Introduction to RTL-SDR

RTLSDR Banner Graphic.jpg

What is it?

In the dark ages (more than 5 years ago), the only way to get a visual RF scanner was to shell out thousands for purpose built equipment. Then, through a series of regulatory changes and technological advances, digital TV USB tuners began being sold for less than 20USD online. Hackers more clever than myself quickly determined that the the RTL2832U chip could A) process a massive chunk of the RF spectrum and B) would happily spit that information out. (This is often referred to as Software Defined Radio or SDR. This abbreviation is combined with the RTL chip to give us the RTL-SDR name). One can now purchase a reasonably capable machine for less than even a cheap handheld radio. It requires a bit of DIY hacking and the ability to navigate open source software, but even a person with no amateur radio experience can get a rig up and running in a day. 

Why do you want one? Because it opens the door for all sorts of projects! Want to listen to the local police? Easy! Want to download images from a NOAA weather satellite? Can do! Just curious about what's floating the air around you? Take a look!

In this article I'll be covering how to get started and listen to your local police. In subsequent articles I'll cover plane tracking with ADS-B and NOAA weather satellite image downloading. We may even get to try some SSTV downloads from the ISS if they decide to do more!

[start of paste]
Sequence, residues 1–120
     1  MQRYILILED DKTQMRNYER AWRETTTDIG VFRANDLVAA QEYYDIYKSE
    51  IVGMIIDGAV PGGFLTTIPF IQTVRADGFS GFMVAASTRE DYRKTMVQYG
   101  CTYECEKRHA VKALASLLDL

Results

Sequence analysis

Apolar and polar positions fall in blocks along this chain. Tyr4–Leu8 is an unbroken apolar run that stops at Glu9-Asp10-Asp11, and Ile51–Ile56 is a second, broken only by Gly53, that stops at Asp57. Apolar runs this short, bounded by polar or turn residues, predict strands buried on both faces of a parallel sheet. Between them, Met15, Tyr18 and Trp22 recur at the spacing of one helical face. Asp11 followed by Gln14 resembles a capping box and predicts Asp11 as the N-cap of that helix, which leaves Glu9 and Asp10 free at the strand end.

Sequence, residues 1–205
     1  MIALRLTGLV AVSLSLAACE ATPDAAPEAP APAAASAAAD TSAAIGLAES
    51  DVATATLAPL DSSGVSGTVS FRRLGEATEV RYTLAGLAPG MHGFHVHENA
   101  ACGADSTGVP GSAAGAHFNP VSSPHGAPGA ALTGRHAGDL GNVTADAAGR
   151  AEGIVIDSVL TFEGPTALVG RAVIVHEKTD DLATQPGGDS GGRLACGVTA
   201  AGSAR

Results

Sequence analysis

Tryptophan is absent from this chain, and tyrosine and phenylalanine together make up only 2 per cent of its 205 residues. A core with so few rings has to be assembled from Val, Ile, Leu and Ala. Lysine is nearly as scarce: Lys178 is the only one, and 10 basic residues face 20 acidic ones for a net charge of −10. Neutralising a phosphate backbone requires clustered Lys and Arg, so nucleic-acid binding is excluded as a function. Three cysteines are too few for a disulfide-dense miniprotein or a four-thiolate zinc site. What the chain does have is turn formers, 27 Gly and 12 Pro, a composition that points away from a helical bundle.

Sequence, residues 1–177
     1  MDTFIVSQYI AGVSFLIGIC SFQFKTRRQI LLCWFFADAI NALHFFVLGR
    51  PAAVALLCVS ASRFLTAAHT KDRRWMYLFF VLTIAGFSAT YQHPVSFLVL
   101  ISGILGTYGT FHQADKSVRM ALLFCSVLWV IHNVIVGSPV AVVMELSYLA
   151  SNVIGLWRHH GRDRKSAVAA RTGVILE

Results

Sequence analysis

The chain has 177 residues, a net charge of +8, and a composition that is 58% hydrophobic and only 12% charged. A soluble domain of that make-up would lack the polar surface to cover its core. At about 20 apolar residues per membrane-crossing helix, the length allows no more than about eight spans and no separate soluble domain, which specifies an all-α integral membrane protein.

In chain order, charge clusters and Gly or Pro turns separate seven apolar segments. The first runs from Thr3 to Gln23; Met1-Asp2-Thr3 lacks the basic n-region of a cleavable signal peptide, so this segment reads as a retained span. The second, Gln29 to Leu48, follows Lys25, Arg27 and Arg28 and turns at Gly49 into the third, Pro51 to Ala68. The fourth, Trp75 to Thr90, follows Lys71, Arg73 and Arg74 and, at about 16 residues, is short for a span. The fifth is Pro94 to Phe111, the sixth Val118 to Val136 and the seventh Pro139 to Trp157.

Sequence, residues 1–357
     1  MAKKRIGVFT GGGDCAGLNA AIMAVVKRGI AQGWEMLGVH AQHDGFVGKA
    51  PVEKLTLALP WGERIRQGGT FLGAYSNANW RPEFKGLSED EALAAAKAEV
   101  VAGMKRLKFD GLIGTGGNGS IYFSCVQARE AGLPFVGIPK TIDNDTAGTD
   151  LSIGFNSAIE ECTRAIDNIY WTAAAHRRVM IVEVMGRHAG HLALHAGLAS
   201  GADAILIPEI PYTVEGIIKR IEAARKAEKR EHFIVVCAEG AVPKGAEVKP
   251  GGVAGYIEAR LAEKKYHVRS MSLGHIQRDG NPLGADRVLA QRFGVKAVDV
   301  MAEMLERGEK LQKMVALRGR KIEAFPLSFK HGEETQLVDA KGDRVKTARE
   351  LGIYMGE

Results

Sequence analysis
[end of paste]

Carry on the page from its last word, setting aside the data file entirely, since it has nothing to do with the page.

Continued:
RTL2832U with DIY Shielding

Stock Antenna

How do I start?

Hardware

Let's do this! At the very least you're going to need three simple pieces of equipment:

  1. RTL-SDR stick.
  2. Antenna
  3. Laptop

Presumably already have a laptop, or at least a computer. You can use any sort of computer with enough guts, but portability really helps when you want to take your setup somewhere. I strongly recommend this. Think of it like stargazing. You might be able to see things decently from your back yard, but if you move out of town things will improve greatly. In the case of some projects, moving to the roof might be enough. Either way, portability is good. Make sure you have free USB ports. I would also recommend a powered USB extension cable to help move your RTL-SDR away from your computer. This will help cut down on RF noise given off by your computer.